It is important to educate yourself on the dynamics of a short sale. Below are several tips that will help you make the right moves down the road.
1. General Tennessee foreclosure law information.
Tennessee is a non-judicial state. Non-judicial foreclosures are processed without court intervention, with the requirements for the foreclosure established by state statutes. When a loan default occurs, the homeowner will be mailed a default letter, and in many states, a Notice of Default will be recorded at approximately the same time. If the homeowner does not cure the default, a Notice of Sale will be mailed to the homeowner, posted in public places, recorded at the county recorder's office, and published in area legal publications. After the legally required time period has expired, a public auction will be held, with the highest bidder becoming the owner of the property, subject to their receipt and recordation of the deed. Auctions of non-judicial foreclosures will generally require cash, or cash equivalent either at the sale, or very shortly thereafter.
Deficiency judgments in the state of Tennessee ARE POSSIBLE, and in my cases they are considered a practical process by the banks.
For more clarification on foreclosure laws in the state of Tennessee, please consult a real estate attorney. If you don't know a real estate attorney, feel free to contact us and we can provide you with some referrals.
2. Misrepresenting tax consequences.
Although it’s true that the federal government passed a law in 2007 directing the IRS not to count mortgage debt forgiven by a lender as income, the provision is limited. It applies only to purchase money; it doesn’t apply to debt on a cash-out refinancing, and it doesn’t apply to second homes. There’s also a dollar limitation, albeit a generous one ($1 million for married couples filing separately, twice that for joint filers). "A lot of associates are telling people there are no tax consequences," says Lance Churchill, a short sales specialist and trainer who operates in Boise, Idaho, and San Diego. "But it’s a limited law and you just need to be accurate about it." Click on this link (www.irs.gov/individuals/article/0,,id=179414,00.html) for more details.
3. Possible inappropriate lender requests for seller contributions.
It’s not uncommon for lenders to go after money that the sellers have in the bank or in a retirement account before they approve a short sale request. They’ll sometimes seek to put the onus on the real estate practitioner to get sellers to sign over a note for the amount they have in the bank as a condition of sale. But in states where mortgage debt is non-recourse, lenders have no right to the money, and associates that suggest otherwise to the sellers might be later sued for negligence. Tennessee is a NON-RECOURSE state.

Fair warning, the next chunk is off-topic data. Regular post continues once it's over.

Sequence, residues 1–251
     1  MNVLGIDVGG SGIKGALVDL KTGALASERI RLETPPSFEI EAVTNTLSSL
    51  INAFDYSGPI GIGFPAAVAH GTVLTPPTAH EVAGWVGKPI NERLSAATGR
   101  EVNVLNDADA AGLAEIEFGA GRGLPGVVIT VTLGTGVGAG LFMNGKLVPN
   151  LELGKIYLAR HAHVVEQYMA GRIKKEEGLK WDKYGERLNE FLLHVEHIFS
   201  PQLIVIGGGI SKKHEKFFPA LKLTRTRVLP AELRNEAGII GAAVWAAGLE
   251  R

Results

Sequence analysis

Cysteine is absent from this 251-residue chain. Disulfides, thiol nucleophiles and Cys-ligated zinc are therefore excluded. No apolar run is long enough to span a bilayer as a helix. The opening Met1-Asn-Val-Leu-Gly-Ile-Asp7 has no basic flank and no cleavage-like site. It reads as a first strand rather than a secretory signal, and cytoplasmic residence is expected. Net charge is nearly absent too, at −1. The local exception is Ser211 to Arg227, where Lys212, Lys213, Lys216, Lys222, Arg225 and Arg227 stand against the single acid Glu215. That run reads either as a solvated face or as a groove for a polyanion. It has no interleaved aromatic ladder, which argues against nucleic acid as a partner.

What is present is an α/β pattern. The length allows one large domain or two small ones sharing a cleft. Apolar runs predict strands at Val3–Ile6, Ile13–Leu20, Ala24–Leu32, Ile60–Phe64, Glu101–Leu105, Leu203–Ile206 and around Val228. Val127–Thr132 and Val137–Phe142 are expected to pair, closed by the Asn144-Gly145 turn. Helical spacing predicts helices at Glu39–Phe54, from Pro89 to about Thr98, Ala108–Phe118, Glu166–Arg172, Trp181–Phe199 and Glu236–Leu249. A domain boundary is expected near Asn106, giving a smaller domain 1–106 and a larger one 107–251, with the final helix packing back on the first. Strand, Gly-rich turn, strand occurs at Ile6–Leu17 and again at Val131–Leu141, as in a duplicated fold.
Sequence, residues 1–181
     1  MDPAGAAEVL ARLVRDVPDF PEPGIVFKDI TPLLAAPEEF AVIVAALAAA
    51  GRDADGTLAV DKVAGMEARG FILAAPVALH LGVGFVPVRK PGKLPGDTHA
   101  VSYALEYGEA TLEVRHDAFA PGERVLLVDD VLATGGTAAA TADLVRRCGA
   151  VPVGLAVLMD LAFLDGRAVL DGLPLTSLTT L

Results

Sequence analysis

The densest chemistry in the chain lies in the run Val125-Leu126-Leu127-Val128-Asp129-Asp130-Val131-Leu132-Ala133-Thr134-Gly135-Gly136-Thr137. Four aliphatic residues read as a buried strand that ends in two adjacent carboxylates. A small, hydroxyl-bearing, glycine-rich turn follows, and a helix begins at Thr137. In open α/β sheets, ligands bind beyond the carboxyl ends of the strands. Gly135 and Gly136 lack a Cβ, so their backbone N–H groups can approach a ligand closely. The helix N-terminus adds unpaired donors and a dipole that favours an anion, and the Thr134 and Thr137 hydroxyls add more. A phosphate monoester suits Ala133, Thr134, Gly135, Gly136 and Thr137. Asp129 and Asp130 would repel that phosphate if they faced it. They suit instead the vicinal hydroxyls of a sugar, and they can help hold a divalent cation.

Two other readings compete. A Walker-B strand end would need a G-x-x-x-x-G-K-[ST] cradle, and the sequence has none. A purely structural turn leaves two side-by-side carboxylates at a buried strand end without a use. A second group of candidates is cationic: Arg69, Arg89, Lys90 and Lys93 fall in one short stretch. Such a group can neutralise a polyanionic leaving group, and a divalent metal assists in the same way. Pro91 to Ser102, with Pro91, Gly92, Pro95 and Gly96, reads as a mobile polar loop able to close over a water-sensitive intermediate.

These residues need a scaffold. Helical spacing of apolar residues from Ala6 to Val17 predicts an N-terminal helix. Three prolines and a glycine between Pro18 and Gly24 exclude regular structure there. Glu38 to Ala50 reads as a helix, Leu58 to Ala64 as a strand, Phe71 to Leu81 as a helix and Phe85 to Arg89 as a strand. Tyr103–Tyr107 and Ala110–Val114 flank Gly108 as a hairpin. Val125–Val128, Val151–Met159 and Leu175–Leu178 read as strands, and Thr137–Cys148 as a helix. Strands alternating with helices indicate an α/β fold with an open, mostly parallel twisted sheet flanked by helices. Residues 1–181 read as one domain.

4. What you should know about short sale "investors"
These third party companies or individuals advertise themselves as being able to negotiate a short sale on the seller's behlalf. They claim that they act in the seller's best interests by helping them avoid a foreclosure. The reality is that the only interests they have is their own.
What these investors do is submit a contract with a "lowball" offer to the seller's mortgage servicer with them acting as the buyer. They then list the property with a real estate agent at a higher price with the intention of finding a second buyer for the property. How this process starts moving away from "acting in the seller's best interests" is when the investor is able to get the seller's lender to approve the short sale at the "lowball" price. The investor will not commit to closing on the purchase until a buyer has been found at the higher price. Many times, this takes several months. In the meantime, the seller could be getting further behind on their mortgage(s) or may even be facing a looming foreclosure date. The seller also runs the risk of having the short sale approval expire. The difference between the investor's purchase price and second buyer's purchase price is the profit the investor will receive when both transactions close. The investor will wait to close the same day as the end buyer, and therefore never needs to commit any of his or her capital to complete the purchase.
Mortgage lenders consider this process to be fraudulent because in most cases the seller's lender has no idea there is a second buyer committed to a higher purchase price. As a result, the seller's lender is most likely taking on a bigger loss than they should. In the end, this process is highly unethical and is not a recommended option.